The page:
City Hall Plans


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Publishable content


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2023 City Council Majority Proposes a New, Luxury City Hall


The 2023 city council majority (Hung Wei, Sheila Mohan, JR Fruen) propose a new city hall with a royal price tag that could plunge the city into deep debt. The luxury amenities are not required and will not be appreciated by most Cupertino taxpayers. Hold the new majority responsible for their campaign promises of fiscal responsibility and properly prioritizing spending.


A Brief History


The current city hall contains 25,000 square feet. The need for seismic upgrades to city hall and the emergency response center were identified in 2005. 


In July 2015, after two years of outreach and conceptual designs,out of three options, including a lower cost renovation-only option, the 2015 council approved the most expensive option for a Civic Center. The option included a new city hall and library expansion, with an estimated cost of $70M. The council item to pursue a $60M loan without voter approval was a Consent item (no public hearing) the following month. Fortunately, alert residents pulled the item off Consent to request the City to identify funding sources before proceding. In November 2015, the council dropped the plan because the staff could not reduce the cost to under $40M as requested.  The 2015 Council did not consider the renovation-only option to reduce cost and to address earthquake safety first.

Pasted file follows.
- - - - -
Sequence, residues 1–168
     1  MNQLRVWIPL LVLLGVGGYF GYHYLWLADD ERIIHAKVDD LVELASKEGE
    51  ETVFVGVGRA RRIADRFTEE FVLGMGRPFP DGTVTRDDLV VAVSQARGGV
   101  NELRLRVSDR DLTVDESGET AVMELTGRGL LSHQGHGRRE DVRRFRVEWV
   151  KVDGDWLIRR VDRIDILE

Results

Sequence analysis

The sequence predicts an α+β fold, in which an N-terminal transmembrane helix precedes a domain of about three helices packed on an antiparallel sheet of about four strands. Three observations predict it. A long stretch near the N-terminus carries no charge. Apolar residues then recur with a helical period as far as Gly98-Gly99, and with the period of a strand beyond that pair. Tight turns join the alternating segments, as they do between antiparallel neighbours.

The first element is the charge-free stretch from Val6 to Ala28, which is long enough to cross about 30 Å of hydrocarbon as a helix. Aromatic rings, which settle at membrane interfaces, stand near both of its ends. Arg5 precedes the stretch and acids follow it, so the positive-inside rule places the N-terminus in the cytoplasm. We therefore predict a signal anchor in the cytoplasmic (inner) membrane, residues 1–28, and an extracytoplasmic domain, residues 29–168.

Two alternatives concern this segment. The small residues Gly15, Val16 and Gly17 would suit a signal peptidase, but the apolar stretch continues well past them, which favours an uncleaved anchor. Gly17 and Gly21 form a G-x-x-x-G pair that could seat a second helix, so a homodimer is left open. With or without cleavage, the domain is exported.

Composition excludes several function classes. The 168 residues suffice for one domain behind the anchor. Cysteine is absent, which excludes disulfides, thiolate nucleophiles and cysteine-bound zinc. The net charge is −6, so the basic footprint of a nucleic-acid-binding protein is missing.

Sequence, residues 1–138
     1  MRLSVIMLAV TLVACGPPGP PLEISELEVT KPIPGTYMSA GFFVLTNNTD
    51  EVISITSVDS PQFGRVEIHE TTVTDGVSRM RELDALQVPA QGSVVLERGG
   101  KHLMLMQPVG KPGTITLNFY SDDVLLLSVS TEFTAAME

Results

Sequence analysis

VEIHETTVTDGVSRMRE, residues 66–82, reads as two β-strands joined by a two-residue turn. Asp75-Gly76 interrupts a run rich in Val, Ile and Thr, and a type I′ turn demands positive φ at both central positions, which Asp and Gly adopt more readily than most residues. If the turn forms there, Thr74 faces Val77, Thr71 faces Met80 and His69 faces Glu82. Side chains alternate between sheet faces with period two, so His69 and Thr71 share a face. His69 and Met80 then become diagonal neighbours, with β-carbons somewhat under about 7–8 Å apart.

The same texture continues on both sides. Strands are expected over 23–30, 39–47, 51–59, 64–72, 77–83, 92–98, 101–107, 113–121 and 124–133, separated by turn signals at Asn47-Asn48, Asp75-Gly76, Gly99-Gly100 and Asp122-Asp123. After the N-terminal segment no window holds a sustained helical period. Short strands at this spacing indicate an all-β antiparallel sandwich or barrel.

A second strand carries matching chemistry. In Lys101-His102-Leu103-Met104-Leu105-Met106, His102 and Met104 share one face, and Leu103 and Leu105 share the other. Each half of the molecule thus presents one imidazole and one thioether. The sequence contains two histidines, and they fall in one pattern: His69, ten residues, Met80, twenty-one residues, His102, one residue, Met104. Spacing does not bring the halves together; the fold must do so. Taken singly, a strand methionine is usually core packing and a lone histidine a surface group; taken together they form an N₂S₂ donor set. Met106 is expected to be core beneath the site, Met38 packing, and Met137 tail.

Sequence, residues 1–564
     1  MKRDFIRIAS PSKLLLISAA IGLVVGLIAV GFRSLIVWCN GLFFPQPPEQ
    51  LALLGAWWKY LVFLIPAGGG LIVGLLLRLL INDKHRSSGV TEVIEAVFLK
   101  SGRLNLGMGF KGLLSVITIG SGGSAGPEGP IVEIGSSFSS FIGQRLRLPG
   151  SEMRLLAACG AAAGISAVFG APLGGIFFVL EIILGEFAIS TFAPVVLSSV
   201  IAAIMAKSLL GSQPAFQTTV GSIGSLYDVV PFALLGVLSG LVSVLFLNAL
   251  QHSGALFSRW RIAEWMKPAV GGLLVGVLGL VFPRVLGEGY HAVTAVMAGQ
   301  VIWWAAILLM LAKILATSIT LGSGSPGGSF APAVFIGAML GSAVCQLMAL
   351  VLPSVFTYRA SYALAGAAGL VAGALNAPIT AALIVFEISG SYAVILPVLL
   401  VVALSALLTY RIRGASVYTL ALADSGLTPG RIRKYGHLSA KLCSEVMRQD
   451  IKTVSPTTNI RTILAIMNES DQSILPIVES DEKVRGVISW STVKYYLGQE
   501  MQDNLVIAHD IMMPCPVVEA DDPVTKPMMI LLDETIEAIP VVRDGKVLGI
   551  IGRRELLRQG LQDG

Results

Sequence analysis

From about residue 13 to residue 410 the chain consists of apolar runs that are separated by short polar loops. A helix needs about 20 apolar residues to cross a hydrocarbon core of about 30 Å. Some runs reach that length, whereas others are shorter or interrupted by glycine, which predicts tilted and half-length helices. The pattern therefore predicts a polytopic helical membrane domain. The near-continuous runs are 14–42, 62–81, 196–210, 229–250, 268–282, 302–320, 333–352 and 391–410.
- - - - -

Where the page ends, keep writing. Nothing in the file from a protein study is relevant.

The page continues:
The 2019 Council split the Civic Center plan into two projects so that library expansion could move forward ASAP. Cupertino Library was the only County library without any space for community use for library programs, classes, and events. The library expansion completed on time and within budget in 2022.


In 2021, the Council addressed the other part of the Civic Center plan. To address the need for additonal space, the City purchased a building just across Torre Ave as the City Hall Annex to have 3000 square space and additional parking. The purchase also strengthens the city’s real estate portfolio. The Annex will house the Planning and Permit Center with conference rooms and the new emergency operation center (EOC), which requires a higher earthquake safety standard. If the EOC were located at the city hall, the cost for renovating the city hall would be higher because the entire building would need to adhere to the EOC standard.